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A Toxic Stew: Risks To Women Of Public Feminism

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Nesterov Vasily/iStockphoto
Hands on the keyboard.
Nesterov Vasily/iStockphoto

Writer Michelle Goldberg published an op-ed piece last week in the Washington Post with a headline that conveys, in microcosm, an arresting story: "Feminist writers are so besieged by online abuse that some have begun to retire."

In the piece, Goldberg recounts case after case in which a woman who has written and spoken out from a feminist perspective suffered physical threats and/or emotional harassment — a "toxic stew" of abuse.

It's bad enough that tired old stereotypes about feminism still circulate. The fact is that feminism aims for equality of all women with men; as a social-justice movement, it's not about man-hating or man-blaming. The perpetuation of those misrepresentations — or being called "an angry female" and "a humorless feminist" as I have experienced in the comments section when writing here at NPR — is tiresome.

But when Goldberg says women are punished for their feminism, she really means it: not just weary caricatures but also death threats, rape threats, and the hurtling of hateful, highly personal insults.

Why is public avowal of equality for women with men terrifying enough to cause such egregious behavior?

Sure, on one level, I know the answer has to do with power: who has it — and who wants to keep it. You don't get to be an anthropologist without some understanding about the long human history of the scare tactics of oppression.

Still, I can't help but feel startled by the nature of the anti-feminist discourse and horrified by the harm it does to women. As Goldberg notes, it's especially alarming because in 2015, "when online misogynists decide to target a particular woman, they often have access to an unprecedented amount of personal information about her."

There's one aspect of Goldberg's piece that I found weak. She mentions, briefly, the fact that for women of color, the threats come together with "racial abuse." That underplays the situation, as I have learned over the last few years from listening to colleagues and students in higher education. Earlier this week, I asked biological anthropologist Robin Nelson of Skidmore College for her thoughts on the matter. In an email, Nelson wrote:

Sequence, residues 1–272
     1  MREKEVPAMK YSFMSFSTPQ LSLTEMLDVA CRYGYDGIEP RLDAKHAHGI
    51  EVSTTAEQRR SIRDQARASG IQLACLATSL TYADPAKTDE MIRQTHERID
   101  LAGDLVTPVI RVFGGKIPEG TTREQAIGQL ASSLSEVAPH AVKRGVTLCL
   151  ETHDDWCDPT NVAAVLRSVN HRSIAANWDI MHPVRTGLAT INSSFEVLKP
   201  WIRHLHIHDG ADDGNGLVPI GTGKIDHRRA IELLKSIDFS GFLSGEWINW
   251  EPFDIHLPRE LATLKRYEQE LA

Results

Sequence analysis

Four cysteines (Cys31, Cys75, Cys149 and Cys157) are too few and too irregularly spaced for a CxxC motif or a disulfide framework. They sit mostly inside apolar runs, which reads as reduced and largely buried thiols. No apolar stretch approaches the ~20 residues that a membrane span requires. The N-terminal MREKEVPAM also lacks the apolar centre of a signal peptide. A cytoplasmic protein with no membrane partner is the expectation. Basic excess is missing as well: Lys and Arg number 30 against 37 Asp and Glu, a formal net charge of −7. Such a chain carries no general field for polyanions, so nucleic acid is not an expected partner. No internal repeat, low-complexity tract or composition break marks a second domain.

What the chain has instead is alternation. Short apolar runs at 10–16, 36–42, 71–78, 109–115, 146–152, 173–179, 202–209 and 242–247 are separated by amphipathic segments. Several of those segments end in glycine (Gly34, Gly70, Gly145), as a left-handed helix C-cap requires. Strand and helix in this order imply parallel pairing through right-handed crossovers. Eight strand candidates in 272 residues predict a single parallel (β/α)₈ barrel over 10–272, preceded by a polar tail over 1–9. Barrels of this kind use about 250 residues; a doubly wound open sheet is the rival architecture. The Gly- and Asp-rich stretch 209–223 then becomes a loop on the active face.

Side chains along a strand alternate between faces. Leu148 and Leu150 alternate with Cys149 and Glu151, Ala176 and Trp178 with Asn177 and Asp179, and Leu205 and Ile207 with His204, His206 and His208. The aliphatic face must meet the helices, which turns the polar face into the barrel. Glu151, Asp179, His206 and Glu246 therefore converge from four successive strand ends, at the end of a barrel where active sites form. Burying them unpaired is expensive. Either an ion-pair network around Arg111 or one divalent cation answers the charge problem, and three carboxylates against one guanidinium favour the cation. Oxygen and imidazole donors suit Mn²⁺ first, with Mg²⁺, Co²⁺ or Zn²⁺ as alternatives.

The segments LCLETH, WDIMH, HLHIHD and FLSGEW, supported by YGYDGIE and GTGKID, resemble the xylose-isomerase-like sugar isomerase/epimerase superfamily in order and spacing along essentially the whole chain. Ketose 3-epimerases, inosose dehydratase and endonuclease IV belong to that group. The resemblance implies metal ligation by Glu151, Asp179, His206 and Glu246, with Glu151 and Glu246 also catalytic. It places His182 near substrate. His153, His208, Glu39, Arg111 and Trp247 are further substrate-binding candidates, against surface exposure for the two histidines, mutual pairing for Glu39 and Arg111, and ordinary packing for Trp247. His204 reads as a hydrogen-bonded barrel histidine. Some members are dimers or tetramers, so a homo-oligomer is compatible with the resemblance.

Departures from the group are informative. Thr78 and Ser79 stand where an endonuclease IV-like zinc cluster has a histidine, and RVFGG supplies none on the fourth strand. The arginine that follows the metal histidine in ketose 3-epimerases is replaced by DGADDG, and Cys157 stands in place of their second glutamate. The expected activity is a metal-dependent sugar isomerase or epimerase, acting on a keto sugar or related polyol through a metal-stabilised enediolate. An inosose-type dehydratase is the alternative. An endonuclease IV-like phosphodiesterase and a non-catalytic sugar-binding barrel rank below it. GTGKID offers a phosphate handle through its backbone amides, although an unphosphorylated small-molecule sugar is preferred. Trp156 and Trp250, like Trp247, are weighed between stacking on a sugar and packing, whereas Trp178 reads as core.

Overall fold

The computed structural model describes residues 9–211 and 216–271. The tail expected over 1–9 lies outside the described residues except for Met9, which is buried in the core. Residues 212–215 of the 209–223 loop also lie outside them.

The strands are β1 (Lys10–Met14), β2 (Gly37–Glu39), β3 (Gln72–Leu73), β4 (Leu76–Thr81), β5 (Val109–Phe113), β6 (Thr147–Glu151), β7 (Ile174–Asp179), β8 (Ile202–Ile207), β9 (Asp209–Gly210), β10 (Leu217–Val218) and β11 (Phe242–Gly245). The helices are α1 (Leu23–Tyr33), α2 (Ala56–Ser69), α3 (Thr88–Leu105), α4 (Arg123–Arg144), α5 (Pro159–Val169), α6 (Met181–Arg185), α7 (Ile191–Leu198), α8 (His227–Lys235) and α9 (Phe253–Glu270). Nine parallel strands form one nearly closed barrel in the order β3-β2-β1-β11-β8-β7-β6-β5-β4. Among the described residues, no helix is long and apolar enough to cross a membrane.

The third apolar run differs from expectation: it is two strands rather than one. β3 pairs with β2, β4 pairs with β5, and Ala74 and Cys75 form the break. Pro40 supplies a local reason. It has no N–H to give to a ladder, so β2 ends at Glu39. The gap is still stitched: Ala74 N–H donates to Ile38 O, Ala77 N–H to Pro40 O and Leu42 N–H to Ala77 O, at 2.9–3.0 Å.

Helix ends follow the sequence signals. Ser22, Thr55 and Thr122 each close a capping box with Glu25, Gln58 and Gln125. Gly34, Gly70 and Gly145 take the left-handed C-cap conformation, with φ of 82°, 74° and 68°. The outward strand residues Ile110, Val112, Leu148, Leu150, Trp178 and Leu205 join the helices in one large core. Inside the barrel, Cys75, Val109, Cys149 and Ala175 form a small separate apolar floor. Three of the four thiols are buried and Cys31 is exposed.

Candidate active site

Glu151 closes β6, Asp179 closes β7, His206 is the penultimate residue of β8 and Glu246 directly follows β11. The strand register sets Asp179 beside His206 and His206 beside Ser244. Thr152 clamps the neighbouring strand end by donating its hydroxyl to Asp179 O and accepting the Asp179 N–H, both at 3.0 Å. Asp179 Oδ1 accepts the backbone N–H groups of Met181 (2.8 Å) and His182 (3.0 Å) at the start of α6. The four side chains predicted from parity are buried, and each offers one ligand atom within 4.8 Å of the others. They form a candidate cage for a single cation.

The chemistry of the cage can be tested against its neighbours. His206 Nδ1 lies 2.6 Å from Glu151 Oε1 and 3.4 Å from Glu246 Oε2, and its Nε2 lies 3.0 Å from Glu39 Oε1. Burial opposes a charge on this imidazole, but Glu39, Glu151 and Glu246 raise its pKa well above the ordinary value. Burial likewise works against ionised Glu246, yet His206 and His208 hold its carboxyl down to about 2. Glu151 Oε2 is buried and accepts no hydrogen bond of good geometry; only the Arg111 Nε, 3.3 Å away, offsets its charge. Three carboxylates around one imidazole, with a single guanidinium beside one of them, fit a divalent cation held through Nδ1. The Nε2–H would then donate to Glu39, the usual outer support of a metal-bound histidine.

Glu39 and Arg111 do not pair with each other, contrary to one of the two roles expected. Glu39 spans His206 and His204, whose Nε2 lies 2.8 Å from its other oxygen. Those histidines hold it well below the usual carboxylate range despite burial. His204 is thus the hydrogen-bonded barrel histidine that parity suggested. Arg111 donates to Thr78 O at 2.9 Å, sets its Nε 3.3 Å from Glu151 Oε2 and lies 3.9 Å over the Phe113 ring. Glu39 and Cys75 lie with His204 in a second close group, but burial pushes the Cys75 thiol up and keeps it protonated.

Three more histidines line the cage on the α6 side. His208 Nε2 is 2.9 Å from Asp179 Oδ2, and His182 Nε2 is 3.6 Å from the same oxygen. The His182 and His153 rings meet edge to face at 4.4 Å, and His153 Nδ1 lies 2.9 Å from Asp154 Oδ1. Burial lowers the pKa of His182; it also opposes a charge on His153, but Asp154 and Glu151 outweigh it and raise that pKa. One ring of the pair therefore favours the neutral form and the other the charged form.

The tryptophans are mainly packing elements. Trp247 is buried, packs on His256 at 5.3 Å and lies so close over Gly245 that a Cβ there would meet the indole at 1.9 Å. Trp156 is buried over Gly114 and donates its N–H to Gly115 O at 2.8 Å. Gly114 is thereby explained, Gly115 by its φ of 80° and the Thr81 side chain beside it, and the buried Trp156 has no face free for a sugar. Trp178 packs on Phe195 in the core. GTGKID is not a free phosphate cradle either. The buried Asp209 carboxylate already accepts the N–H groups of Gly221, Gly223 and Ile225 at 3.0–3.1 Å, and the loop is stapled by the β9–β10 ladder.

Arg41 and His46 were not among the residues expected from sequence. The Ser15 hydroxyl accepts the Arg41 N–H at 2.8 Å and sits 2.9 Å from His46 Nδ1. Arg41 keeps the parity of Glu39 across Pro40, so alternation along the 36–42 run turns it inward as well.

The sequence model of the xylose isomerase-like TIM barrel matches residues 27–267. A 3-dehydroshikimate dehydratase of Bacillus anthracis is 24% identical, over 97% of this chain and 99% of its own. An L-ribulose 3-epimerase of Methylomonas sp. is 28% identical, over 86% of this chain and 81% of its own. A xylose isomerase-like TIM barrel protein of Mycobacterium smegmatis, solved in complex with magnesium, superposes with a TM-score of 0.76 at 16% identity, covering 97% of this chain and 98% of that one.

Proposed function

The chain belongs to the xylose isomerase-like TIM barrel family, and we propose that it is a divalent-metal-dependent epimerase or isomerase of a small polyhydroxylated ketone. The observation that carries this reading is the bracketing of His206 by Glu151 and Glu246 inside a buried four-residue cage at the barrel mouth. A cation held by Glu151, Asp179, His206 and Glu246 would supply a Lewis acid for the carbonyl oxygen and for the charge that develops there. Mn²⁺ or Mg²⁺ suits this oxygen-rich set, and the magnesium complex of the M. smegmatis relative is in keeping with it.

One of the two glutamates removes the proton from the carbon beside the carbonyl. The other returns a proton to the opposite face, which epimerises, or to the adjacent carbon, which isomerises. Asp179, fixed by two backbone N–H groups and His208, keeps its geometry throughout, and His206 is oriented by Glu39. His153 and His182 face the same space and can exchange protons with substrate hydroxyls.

"As a black female biological anthropologist, I sometimes feel like I inhabit an imaginary space — somewhere among but not a part of an ever-growing number of white women entering the discipline, also not a part of the vast majority of black anthropologists (most of whom are cultural anthropologists). The topics I study, specifically my focus on the impact of kin and social networks on adult and child health, are informed by black feminism(s) that foreground the role of broad networks of care in communities that have been continually subjugated and disenfranchised.

"I have entered the realm of public academia (via Twitter and blogging under a pseudonym) with some reluctance, and concern about my safety, [and] my reputation. I rarely identify as a feminist alone, as I am ever aware of the markedness of blackness. Thus, with every tweet I am concerned about the ramifications, the blowback from living my politics in an unbounded public space. It feels professionally and personally risky to simply speak the truth of my life.

"However, increasingly, I am finding that this kind of conservative self-policing is not worth it — issues around black women's health and safety, personal safety and policing in black communities, issues of sexual harassment and assault more broadly have to be discussed by everyone, particularly by those who have any kind of inclination, privilege, or platform. Thus, while I am finding myself speaking out more about these issues — I know I do so with considerable risk to my career and perhaps my physical safety. I have been trolled on Twitter following tweets about sexism and sexual harassment in academe, and racist policing in black communities. I have genuine concerns about being doxxed."

"Being doxxed" (also spelled "doxed") means that an individual's personal information, sometimes including home address, bank information, Social Security number and family details, is released to the public — exactly the practice Goldberg alludes to in her Post piece. An awareness of doxxing underscores the fact that when feminist women say they fear for their safety, they are not whining. They are not assuming a mantle of victimhood. They are expressing what many, many women feel, for abundant and valid reasons.

Appropriately, women are making their own individual choices about how to respond in the face of such threats. Here's how Nelson concluded her email response to me:

"I tweet while knowing well that this is probably just the beginning of the cost I will pay for living my identity and politics publicly. I am far from alone in this, as many black feminists (within and outside of academe) have to constantly work to both preserve their privacy, their safety, and not have their words used without permission. This being said, we are far better off for having had the opportunity to hear all of these voices in conversation. Thus, I will continue to take the risk."


Barbara J. King, an anthropology professor at the College of William and Mary, often writes about human evolution, primate behavior, and the cognition and emotion of animals. Barbara's most recent book on animals was released in paperback in April. You can keep up with what she is thinking on Twitter: @bjkingape.

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